Data breaches, ransomware, online fraud, and cryptocurrency theft will continue to be a persistent business threat, including trucking fleets of all types. Companies need to ready themselves to respond correctly to an attack, even if they deploy excellent preventative security measures.

Plan and prepare

Companies that prepare for a potential attack can deploy a plan that reduces damage and supports business continuity. Three main aspects of a strong plan include:

Accurate threat detection—Companies should have systems in place to detect incoming attacks and reveal intrusions. IT security systems should provide a transparent view that prevents blind spots in security and ensures an awareness of threats.

Timely incidence response—Incident response capabilities, including digital tools and external support, help to effectively investigate threats and remediate problems before they grow into an attack that disrupts the entire fleet.

Prompt disaster recovery—Disaster recovery plans cover common types of threats to business continuity, including natural disasters, physical threats, and digital attacks. Companies implement disaster recovery capabilities to become more resilient and reduce damage, especially for key business functions and departments. This includes backups for data and core operating processes.

Active leadership instead of delegating

Don’t consider your leadership work complete when you create an incident response procedure. Actively review and test procedures, including them as part of your regular tabletop security exercises. Leaders need to recognize that their active investment in security will greatly improve a company’s response to cyberattacks. A workplace climate of collective responsibility, guided by active leadership, helps to keep organizations running and lessen the impact of cyberattacks.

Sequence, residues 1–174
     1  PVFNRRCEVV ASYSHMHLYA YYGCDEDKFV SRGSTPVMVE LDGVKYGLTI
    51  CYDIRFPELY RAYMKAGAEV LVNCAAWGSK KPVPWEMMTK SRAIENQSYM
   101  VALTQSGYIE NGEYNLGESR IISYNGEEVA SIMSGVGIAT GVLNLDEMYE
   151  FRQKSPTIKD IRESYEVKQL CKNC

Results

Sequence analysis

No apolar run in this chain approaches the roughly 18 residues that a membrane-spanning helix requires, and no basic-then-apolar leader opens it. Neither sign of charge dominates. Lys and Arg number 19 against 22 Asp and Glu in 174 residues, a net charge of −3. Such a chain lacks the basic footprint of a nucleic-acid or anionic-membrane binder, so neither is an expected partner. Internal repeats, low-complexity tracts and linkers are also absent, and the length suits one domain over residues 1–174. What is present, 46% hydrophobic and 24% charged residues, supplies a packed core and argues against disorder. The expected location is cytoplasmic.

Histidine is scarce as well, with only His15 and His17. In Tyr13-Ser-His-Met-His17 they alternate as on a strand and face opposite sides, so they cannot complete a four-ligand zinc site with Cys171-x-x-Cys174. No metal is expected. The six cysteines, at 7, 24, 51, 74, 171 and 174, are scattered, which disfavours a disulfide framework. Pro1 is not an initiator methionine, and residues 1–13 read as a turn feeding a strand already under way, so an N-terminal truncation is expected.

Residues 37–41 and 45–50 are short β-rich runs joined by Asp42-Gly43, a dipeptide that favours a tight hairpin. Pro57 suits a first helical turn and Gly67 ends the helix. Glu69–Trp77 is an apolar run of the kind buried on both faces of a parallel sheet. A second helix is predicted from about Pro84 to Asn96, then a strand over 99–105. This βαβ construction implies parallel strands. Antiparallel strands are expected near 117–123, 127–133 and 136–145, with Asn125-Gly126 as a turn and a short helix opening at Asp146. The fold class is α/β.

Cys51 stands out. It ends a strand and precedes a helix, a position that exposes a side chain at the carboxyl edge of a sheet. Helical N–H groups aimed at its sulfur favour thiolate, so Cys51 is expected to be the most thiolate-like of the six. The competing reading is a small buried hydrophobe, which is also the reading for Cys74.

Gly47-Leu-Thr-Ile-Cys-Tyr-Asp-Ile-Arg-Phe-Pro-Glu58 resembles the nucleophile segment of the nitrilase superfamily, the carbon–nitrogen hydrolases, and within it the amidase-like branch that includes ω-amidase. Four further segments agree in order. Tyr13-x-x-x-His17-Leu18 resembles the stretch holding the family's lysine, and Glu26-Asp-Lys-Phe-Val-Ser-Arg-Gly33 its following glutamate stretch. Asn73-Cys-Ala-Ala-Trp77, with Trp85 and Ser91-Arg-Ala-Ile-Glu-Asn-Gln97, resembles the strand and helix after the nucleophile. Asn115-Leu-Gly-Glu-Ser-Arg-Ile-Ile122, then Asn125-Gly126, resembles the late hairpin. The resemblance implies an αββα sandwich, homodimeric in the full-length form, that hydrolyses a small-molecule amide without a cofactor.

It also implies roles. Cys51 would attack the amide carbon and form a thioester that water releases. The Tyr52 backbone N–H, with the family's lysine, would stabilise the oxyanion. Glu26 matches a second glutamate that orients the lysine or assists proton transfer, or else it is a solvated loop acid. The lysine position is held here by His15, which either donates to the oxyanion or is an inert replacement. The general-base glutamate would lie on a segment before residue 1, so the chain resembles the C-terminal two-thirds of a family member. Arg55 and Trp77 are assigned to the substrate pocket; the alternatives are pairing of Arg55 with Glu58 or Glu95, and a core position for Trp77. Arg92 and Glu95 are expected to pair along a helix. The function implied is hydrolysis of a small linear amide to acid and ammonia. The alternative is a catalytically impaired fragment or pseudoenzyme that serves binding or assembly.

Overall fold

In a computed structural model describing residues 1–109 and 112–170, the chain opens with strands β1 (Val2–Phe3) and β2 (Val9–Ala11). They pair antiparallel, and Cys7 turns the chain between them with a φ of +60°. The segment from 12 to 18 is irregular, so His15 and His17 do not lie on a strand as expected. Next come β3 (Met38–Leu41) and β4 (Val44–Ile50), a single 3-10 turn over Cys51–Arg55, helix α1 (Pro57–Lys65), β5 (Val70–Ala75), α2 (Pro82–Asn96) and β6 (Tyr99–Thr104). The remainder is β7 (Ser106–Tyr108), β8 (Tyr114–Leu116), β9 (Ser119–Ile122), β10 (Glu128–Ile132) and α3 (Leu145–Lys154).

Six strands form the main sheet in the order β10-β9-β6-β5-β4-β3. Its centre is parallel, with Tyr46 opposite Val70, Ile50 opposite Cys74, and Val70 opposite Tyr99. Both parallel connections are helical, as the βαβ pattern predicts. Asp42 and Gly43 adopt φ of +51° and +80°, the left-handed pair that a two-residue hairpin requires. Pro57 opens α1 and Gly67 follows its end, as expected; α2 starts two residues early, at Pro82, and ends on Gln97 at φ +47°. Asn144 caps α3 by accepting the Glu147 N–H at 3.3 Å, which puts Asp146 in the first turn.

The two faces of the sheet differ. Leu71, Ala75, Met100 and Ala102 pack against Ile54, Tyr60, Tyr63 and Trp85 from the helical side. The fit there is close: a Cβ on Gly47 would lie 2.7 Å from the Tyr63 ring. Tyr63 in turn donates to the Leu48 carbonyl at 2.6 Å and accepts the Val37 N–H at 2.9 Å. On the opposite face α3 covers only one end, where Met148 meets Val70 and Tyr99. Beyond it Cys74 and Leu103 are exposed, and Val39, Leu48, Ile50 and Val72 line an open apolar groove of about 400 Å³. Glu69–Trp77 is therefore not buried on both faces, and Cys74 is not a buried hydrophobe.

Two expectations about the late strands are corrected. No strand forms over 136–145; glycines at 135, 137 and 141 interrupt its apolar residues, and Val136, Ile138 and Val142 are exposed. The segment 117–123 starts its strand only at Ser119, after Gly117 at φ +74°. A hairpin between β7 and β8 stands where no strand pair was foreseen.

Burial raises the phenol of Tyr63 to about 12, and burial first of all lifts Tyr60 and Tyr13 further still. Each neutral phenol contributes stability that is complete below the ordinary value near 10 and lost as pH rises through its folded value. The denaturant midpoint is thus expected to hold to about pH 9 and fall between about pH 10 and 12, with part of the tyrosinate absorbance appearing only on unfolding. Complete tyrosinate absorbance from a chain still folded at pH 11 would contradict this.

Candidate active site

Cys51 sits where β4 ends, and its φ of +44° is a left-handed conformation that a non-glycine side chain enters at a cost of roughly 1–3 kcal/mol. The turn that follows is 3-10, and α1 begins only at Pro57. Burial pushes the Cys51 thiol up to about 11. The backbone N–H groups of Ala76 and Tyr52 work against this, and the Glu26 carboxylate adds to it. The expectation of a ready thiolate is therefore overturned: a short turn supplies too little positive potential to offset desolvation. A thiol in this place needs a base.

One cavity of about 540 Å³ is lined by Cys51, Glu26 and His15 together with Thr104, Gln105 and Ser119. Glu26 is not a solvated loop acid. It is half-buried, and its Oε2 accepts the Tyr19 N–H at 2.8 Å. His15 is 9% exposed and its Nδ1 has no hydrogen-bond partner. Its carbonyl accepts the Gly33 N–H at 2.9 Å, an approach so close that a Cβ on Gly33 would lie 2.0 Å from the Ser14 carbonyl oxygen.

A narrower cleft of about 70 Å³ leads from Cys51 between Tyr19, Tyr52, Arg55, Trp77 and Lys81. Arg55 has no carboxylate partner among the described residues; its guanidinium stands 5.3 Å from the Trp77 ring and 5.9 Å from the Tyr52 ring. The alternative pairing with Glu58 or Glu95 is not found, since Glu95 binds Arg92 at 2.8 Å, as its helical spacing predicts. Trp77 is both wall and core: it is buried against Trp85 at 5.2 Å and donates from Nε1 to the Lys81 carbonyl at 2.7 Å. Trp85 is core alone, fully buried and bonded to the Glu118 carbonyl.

Open, consistent communication

Companies should maintain open discussions about cybersecurity, before, during, and after threats occur. Leaders with coherent, consistent communication will improve the entire organization’s response to security incidents. When everyone is on the same page, people will understand their roles and responsibilities in the event of a cyberattack, avoiding organizational paralysis.

Secure Solutions for Trucking Companies

Success or failure in the event of a cyberattack depends on an organization’s preparedness, including the in-cab technology that fleets provide for their drivers. ISAAC prepared our in-cab solution and organization to meet strict security standards, including a recent ISO 27001 certification.

Find out how companies can mitigate risk using fleet management technology:

Watch Webinar – Risk Mitigation Using Fleet Solutions

About the author

Joe Russo, Vice President IT & security

Joe Russo, VP IT & Security at ISAAC, is an IT Executive with over 20 years’ experience leading IT teams in multinational environments and various sectors: banking, pharma, transportation and technology services. He has held senior leadership roles in Switzerland at Morgan Stanley and the Bank for International Settlements, and then in Montreal at McKesson Canada, Syntax and CN Rail. His experience in aligning IT strategy with corporate strategy makes him a strong transformational leader who excels at overcoming technical, cross-cultural and organizational challenges to solve business challenges. Joe holds a MSc in Information Technology & Management from Sheffield University, completed the Mini-MBA program at McGill University and holds the CISSP certification.